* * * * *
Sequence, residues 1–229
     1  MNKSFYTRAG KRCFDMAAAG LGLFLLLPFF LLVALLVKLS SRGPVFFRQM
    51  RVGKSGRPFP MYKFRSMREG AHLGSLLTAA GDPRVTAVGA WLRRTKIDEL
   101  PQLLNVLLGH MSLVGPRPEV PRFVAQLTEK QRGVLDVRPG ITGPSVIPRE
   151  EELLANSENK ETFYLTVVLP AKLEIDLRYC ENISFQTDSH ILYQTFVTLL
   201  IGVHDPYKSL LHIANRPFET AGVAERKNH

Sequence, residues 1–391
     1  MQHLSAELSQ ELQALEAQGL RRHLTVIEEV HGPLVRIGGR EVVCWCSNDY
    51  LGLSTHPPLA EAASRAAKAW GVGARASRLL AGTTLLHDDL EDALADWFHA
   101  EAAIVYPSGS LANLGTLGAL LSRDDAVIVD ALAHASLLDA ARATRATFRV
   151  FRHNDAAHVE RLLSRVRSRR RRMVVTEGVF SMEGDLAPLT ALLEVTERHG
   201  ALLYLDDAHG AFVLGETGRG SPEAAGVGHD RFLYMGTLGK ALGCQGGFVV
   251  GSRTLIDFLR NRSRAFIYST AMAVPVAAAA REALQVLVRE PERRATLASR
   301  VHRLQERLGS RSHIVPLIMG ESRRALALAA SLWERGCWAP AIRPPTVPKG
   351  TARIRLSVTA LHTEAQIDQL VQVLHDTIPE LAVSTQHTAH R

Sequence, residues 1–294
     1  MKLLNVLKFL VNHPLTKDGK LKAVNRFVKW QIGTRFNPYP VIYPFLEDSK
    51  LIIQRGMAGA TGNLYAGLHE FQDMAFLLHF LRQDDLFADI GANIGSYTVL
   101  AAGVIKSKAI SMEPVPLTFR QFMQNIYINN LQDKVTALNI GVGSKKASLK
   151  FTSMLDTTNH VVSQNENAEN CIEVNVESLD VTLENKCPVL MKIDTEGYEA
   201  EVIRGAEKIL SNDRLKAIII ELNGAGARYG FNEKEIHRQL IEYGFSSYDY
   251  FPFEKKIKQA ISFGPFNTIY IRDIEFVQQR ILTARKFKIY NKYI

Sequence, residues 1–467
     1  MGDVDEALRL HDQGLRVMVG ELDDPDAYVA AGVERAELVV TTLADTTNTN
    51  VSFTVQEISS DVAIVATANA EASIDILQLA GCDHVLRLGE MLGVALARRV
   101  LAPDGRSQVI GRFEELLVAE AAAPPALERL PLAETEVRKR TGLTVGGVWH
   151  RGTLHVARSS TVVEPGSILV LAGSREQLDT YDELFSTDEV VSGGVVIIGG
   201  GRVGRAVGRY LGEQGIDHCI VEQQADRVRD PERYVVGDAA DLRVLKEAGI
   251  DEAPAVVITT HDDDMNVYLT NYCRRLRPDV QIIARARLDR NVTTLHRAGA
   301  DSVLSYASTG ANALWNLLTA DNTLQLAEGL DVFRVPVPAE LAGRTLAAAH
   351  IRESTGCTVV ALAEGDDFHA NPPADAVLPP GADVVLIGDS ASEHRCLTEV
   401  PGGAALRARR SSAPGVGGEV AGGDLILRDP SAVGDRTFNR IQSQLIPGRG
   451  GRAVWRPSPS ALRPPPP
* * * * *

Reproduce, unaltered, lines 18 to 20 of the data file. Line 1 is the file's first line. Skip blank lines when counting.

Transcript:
    51  LIIQRGMAGA TGNLYAGLHE FQDMAFLLHF LRQDDLFADI GANIGSYTVL
   101  AAGVIKSKAI SMEPVPLTFR QFMQNIYINN LQDKVTALNI GVGSKKASLK
   151  FTSMLDTTNH VVSQNENAEN CIEVNVESLD VTLENKCPVL MKIDTEGYEA